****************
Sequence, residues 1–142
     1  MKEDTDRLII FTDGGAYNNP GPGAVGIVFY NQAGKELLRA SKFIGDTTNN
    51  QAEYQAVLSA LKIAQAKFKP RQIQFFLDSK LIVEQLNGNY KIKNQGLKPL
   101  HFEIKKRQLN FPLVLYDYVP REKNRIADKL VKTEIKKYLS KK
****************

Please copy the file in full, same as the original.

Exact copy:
Sequence, residues 1–142
     1  MKEDTDRLII FTDGGAYNNP GPGAVGIVFY NQAGKELLRA SKFIGDTTNN
    51  QAEYQAVLSA LKIAQAKFKP RQIQFFLDSK LIVEQLNGNY KIKNQGLKPL
   101  HFEIKKRQLN FPLVLYDYVP REKNRIADKL VKTEIKKYLS KK